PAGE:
The governors of Pennsylvania and New Jersey on Friday authorized the early release of potentially thousands of state prison inmates, in measures aimed at fending off a major coronavirus outbreak behind bars like those seen in other parts of the country.

Govs. Tom Wolf and Phil Murphy each invoked executive powers to establish criteria that would offer some nonviolent offenders a temporary reprieve, placing them under house arrest or parole.

In Pennsylvania, Wolf announced a program that could result in the freeing of up to 1,800 inmates starting Tuesday. Qualified prisoners include nonviolent offenders within nine months of eligibility for parole, inmates 65 or older, pregnant women, and prisoners with chronic health conditions that make them more vulnerable to serious coronavirus complications.

The temporary reprieve does not apply to inmates incarcerated for gun offenses, drug trafficking, and sex crimes. Prisoners who have been denied parole or convicted of a separate offense while incarcerated are not eligible.

Wolf’s executive order said the Department of Corrections will discuss each inmate with the courts, the state Attorney General’s Office, and county district attorney’s offices before granting release. Those chosen will be monitored by parole agents and will have to return to prison to complete their sentences once the state’s coronavirus emergency order ends.

Corrections officials said all inmates will undergo a medical screening prior to release to ensure sick individuals aren’t fanning out across the state.

“We can reduce our nonviolent prison population and leave fewer inmates at risk for contracting COVID-19 while maintaining public safety with this program,” Wolf said in a statement.

Murphy laid out his order along similar lines. Also eligible for release in New Jersey are individuals denied parole in the past year or whose sentences expire within the next three months.

The process will begin over the next few days, Murphy said. The governor’s office offered no estimate on how many inmates might be affected.

“A virus this virulent can spread rapidly in a densely populated prison setting,” said Murphy, “and the needs of public safety and public health must be balanced.”

The orders in both states came within minutes of each other and in response to an increasingly loud chorus of defense lawyers, activists, and some prosecutors seeking more action from the governors.

Public health advocates have said for weeks that prisons, county jails, and detention centers — with their close quarters, limited hygiene, and inability to implement recommended social distancing guidelines — are ideal breeding grounds for a disease that could infect hundreds of inmates and guards and spread to the surrounding community. The New York Times reported this week that the Cook County Jail in Illinois has become the largest hot spot in the United States.

But earlier efforts to thin the state prison population in Pennsylvania and New Jersey had either snarled or not moved quickly enough to blunt the coronavirus’ blow.

Wolf, a Democrat, had hoped to avoid unilaterally granting reprieves by urging lawmakers in Harrisburg to agree upon a framework for releases. But as a plan by the GOP-led legislature that would have released no more than 450 of Pennsylvania’s nearly 45,000 inmates fell apart this week, Wolf said he worried time was running out.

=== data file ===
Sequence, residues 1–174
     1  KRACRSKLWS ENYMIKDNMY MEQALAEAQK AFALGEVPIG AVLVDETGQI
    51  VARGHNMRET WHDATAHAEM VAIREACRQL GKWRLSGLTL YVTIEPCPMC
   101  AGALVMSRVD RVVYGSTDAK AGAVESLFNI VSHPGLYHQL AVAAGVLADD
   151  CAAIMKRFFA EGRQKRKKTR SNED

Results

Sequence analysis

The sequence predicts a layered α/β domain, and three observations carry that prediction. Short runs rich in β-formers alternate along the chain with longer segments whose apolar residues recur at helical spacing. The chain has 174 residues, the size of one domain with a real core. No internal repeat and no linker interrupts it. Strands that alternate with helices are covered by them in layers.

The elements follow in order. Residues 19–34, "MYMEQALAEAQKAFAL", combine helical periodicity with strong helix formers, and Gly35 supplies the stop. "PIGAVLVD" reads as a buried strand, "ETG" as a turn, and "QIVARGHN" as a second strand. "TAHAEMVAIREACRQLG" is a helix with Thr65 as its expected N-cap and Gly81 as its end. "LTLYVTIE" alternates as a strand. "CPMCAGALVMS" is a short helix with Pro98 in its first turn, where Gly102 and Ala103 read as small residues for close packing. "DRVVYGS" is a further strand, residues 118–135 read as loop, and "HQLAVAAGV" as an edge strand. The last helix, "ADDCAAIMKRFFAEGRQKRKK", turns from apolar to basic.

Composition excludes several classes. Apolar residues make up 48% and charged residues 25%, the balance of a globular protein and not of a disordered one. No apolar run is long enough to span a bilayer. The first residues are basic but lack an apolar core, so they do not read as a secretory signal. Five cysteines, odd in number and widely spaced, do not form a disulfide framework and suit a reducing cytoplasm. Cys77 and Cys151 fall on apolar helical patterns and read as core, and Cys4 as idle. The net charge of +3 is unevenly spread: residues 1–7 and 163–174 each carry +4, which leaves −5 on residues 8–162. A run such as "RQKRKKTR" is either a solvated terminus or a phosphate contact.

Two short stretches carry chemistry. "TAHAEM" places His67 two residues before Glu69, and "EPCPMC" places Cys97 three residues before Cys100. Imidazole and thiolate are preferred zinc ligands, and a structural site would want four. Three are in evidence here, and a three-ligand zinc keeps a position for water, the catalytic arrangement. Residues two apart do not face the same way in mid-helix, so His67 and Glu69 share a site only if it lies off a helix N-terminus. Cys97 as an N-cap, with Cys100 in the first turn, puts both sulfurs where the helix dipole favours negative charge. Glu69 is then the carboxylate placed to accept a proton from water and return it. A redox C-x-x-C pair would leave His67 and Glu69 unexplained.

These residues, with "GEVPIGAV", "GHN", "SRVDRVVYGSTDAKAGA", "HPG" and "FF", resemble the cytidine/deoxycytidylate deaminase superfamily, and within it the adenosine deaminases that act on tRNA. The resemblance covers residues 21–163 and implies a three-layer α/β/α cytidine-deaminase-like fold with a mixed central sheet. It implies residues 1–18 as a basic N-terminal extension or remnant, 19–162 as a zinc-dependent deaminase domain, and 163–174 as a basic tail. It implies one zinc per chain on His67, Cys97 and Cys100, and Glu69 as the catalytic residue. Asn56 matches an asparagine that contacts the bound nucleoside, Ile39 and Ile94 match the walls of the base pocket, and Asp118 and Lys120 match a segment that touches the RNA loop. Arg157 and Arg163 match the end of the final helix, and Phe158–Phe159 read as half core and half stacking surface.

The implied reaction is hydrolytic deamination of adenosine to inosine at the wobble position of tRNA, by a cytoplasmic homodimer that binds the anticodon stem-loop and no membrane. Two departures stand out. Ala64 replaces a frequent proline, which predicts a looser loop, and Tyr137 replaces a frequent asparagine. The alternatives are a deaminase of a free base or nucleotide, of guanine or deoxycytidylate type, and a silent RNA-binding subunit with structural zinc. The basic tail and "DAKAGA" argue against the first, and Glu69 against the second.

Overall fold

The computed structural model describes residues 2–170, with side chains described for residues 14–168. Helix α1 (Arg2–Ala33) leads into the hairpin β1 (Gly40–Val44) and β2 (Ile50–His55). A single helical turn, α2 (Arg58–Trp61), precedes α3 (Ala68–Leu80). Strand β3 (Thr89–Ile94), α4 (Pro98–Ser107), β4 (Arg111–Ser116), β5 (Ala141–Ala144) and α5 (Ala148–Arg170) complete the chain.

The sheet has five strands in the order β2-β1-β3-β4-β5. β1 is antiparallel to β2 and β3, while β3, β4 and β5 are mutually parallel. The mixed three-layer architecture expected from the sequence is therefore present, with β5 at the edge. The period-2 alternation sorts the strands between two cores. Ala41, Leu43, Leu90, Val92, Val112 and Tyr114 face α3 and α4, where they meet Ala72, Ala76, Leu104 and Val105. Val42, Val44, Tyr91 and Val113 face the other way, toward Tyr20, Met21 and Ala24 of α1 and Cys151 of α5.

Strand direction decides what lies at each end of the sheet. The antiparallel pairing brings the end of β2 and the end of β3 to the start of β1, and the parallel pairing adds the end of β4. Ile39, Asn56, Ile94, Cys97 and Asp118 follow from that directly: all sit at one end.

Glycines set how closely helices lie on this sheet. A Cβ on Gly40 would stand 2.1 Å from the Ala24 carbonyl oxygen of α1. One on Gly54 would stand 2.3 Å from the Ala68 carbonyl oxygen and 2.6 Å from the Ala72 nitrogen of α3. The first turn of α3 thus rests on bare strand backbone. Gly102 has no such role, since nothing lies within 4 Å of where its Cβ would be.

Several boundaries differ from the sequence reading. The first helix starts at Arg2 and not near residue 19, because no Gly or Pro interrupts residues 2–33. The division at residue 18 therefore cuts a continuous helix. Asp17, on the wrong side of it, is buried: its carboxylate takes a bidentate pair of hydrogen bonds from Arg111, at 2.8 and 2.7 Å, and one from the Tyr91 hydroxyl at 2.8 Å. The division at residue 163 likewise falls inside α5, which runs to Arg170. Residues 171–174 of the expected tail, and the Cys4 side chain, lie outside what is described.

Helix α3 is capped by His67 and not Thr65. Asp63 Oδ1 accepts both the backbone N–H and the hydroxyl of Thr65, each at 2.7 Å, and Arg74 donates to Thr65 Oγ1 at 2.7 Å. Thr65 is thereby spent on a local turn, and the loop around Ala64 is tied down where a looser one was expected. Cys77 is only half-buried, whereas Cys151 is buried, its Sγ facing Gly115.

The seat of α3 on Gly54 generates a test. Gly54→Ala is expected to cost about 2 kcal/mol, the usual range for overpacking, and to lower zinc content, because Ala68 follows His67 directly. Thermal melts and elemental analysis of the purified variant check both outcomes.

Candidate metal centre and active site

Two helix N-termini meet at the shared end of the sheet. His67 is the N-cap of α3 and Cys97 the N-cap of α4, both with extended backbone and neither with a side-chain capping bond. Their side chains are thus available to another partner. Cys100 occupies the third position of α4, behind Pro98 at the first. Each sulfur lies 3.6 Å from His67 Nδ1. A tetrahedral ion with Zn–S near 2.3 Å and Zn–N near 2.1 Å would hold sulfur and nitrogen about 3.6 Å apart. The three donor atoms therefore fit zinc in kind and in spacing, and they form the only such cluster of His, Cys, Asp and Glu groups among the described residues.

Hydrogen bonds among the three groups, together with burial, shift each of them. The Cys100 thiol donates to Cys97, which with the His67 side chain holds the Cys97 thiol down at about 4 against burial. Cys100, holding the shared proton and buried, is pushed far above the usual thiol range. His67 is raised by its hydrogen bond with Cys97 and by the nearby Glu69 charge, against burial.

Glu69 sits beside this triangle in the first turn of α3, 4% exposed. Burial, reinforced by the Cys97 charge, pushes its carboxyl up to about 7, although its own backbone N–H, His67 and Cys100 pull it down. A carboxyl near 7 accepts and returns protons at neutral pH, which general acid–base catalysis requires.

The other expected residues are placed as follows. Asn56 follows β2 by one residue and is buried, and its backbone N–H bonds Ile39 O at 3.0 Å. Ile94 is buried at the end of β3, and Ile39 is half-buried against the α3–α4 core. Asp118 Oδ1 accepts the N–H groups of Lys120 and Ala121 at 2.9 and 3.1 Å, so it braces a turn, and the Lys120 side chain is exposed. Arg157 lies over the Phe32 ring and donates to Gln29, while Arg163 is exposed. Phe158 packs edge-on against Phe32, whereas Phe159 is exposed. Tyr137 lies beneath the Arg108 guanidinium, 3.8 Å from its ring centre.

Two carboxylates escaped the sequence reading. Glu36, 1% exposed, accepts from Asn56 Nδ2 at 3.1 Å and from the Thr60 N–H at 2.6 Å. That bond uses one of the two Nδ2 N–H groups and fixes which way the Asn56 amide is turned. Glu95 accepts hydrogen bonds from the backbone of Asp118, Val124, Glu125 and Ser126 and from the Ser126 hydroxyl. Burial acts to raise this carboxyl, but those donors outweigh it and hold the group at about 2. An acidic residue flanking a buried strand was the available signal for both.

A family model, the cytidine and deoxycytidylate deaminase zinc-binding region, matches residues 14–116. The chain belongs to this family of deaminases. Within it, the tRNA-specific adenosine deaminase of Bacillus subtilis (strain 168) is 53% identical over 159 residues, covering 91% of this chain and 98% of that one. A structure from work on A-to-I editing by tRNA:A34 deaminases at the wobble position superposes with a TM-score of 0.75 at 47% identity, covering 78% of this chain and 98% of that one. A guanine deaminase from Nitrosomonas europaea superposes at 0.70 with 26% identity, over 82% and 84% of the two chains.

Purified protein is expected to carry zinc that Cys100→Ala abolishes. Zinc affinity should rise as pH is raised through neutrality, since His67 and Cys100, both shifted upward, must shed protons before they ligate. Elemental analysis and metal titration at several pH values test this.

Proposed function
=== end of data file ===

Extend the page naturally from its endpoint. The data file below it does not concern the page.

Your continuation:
“There’s a premium on speed here.… This virus is unforgiving,” he said. “I communicated and worked [with state House Republicans] as much as I could. But in the absence of the ability to do that, I’m going to be doing this on my own.”

In New Jersey, the state Supreme Court two weeks ago ordered the release of hundreds of inmates from county jails, which unlike prisons house mostly pretrial defendants. But Friday, New Jersey officials announced its first death of a Middlesex County corrections officer — Nelson Perdomo, 44 — who had worked at East Jersey State Prison for 19 years.

One New Jersey prison inmate has already died and at least 129 officers and 20 prisoners have tested positive for the virus, State Corrections Commissioner Marcus Hicks said. More than 1,000 asymptomatic employees and 400 asymptomatic inmates are in medical quarantine due to possible exposure to the coronavirus.

“You can imagine when you’re running a correctional facility, in a correctional setting, that there are unique challenges in trying to implement social distancing,” Hicks said.

Only one Pennsylvania prison — SCI Phoenix in Montgomery County — had reported any infected inmates as of Friday, when Department of Corrections officials announced their 11th positive test there. Nineteen corrections officers, including six at Phoenix, have also become infected, Corrections Secretary John Wetzel said.

Advocates lauded the governors’ actions as a positive first step, but said it must not be the last.

Keir Bradford-Grey, Philadelphia’s chief public defender, said that the criteria outlined by Wolf would only apply to 4% of Pennsylvania’s incarcerated population. And not all eligible inmates have stable homes where they could be placed under house arrest, meaning it’s possible less than 2% of the current prison population would qualify, she estimated.

Reggie Shuford, executive director of the ACLU of Pennsylvania, encouraged Wolf and lawmakers to keep pushing for ways to release more.

“Public health experts say that Pennsylvania is on the verge of bending the curve of outbreak of this pandemic," Shuford said. "If an outbreak were to occur in a Pennsylvania prison or jail, it could threaten to erase the progress we’ve made in the commonwealth.”

Staff writer Justine McDaniel and Angela Couloumbis of Spotlight PA contributed to this article.